In telling the story of the armed conflict in Lithuania, “War, Revolution, and Nation-Making in Lithuania, 1914-1923” focuses on the soldiers and civilians involved in the conflict, rather than the strategies and acts of politicians, generals, or diplomats. The volume’s two main themes are the impact of military, social, and cultural mobilizations on the local population, and different types of violence that were so characteristic of the region throughout the period. The actors in this story are people displaced by war and mobilized for war: refugees, veterans, volunteers, peasant conscripts, POWs, paramilitary fighters, and others who took to guns, not diplomacy, to assert their power. This is the story of how their lives were changed by war and how they shaped the society that emerged after war.
Tomas Balkelis (PhD, University of Toronto) is a senior research fellow at the Lithuanian Institute of History in Vilnius. He received his Ph.D. in History at the University of Toronto in 2004. After graduation he worked at the Universities of Manchester and Nottingham. In 2009-2013, he was a European Research Council Postdoctoral Research Fellow at University College Dublin. He also led a Lithuanian Research Council funded team of historians based at Vilnius University working on the population displacement in Lithuania in the 20th. In 2015-2016 he was a visiting fellow at Stanford University. He is the author of The Making of Modern Lithuania (Routledge, 2009) and War, Revolution and Nation-Making in Lithuania (Oxford, 2018). His articles have been published by Past and Present and Contemporary European History. His research fields include nation-building, national mythmaking, forced migrations, population displacement and paramilitary violence.
Up Against the Wall: the KGB and Latvia, by Vincent Hunt, Helion and Company, 2019.
Blending documentary journalism, oral history and travelogue, Latvia’s twisted relationship with the Soviet security police over a century is laid bare in brutal detail in this book, as first the Latvian Riflemen helped Lenin to power, then fifty years of totalitarianism followed Stalin’s purges. Eye witnesses tell vivid stories of the partisan resistance, Cold War spying missions, deportations to Siberia and human rights protests, ending with the opening of the ‘Cheka Bags’ in 2018, the KGB index of agents discovered when the Soviet Union collapsed.
An award-winning former BBC documentary journalist, Vincent Hunt explores little-told chapters of recent history in his books: the Nazis’ scorched earth destruction of northern Norway; the end of WWII in western Latvia and the untold story of the KGB in Soviet times. He teaches journalism in Manchester and is researching a PhD analyzing storytelling combining documentary methods with oral history and memory studies.
The House of Hemp and Butter: A History of Old Riga, by Kevin O’Connor, Northern Illinois University Press, Ithaca and London, 2019.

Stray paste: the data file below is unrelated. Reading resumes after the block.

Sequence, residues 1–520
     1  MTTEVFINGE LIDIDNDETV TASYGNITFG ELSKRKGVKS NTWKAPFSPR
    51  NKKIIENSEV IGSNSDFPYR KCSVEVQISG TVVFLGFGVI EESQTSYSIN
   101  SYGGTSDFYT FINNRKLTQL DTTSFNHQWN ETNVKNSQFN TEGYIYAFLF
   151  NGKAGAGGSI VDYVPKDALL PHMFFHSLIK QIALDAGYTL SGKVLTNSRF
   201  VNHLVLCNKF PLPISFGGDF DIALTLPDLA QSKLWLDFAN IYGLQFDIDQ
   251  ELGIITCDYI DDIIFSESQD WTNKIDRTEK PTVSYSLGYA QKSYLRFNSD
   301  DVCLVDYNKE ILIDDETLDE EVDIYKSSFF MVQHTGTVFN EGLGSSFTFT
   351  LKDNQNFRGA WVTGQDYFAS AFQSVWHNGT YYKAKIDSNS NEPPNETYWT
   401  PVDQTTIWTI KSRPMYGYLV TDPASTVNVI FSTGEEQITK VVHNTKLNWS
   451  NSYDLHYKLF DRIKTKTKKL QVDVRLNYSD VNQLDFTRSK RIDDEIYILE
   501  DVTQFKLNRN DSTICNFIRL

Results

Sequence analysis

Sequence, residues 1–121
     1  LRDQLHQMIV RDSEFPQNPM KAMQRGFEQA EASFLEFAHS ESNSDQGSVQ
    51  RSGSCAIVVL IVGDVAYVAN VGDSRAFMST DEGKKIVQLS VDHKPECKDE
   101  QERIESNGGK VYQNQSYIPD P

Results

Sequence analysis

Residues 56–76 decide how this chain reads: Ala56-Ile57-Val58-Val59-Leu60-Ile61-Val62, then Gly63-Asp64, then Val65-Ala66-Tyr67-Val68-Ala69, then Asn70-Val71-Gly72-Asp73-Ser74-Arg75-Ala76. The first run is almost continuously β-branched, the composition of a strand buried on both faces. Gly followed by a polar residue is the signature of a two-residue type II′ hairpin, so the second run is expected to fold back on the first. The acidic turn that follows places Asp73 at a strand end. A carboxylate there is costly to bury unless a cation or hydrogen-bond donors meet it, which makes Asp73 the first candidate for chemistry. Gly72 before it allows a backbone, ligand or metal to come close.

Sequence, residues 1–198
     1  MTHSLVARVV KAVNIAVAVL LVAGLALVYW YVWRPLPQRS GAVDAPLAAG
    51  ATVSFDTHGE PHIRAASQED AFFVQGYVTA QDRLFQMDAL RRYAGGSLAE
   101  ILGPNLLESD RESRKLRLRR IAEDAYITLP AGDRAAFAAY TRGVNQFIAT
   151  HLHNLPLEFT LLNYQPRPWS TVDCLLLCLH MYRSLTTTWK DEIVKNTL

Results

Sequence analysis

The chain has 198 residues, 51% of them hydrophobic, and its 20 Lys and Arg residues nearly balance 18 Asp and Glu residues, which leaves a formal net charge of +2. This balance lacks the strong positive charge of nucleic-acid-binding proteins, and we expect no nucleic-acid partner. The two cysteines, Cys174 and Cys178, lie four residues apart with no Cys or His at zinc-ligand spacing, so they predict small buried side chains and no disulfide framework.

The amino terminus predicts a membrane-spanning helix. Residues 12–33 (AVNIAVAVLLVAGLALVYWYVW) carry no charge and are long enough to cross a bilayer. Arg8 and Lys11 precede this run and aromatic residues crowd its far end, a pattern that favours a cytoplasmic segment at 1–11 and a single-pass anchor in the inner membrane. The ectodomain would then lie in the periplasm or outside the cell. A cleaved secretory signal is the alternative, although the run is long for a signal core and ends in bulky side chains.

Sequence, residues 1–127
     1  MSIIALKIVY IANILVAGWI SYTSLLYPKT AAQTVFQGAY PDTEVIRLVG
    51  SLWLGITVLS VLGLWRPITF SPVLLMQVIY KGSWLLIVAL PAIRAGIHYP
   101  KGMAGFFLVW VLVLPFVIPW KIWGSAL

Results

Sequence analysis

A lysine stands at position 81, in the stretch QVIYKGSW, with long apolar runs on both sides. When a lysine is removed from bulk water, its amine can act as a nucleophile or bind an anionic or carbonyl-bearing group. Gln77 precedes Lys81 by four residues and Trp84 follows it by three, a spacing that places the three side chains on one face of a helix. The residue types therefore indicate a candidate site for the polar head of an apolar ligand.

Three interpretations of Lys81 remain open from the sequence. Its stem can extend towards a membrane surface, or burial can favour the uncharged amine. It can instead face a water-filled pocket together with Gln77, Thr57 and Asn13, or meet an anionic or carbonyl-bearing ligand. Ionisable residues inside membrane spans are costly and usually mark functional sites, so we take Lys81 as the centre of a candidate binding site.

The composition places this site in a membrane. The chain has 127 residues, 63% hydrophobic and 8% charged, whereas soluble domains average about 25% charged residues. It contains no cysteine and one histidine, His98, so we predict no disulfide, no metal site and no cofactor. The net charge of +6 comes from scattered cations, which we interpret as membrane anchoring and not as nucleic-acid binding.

The House of Hemp and Butter is the very first English-language history of early Riga. It begins in the twelfth century with the arrival to the eastern Baltic of German priests, traders, and knights, who conquered and converted the indigenous tribes and assumed mastery over their lands. It ends in 1710 with an account of the greatest war Livonia had ever seen, one that was accompanied by mass starvation, a raging epidemic, and a flood of nearly Biblical proportions that devastated the city and left its survivors in misery.
If The House of Hemp and Butter is an urbanography that is embedded in its broader regional and international context, the book’s main focus is always the city itself, populated by merchants and clerics, craftsmen and builders, porters and day laborers. Readers will learn about the city’s structures and spaces, its peoples and its rhythms, its internal conflicts and its unrelenting struggle to maintain its traditional independence against outside threats. Intended both for readers of history as well as for curious travelers, The House of Hemp and Butter is essential reading for anyone who plans to spend any amount of time in the city of Riga.
Kevin O’Connor is a Professor of History at Gonzaga University in beautiful Spokane, Washington, where he teaches courses in European and Russian history. His books include The House of Hemp and Butter: A History of Old Riga; The History of the Baltic States; Culture and Customs of the Baltic States; and Intellectuals and Apparatchiks: Russian Nationalism and the Gorbachev Revolution. Out of Kevin’s travels through the Baltic states was born a fascination with Latvia’s stunning capital, where on some summer mornings one might come upon him enjoying a croissant in a noisy cafe while fidgeting on his multivolume history of Rīga. When Kevin isn’t teaching or doing Latvia things, he can usually be found on the roads and trails of Spokane, where he runs and bikes and hikes and dreams of the sandy shores of the Amber Sea.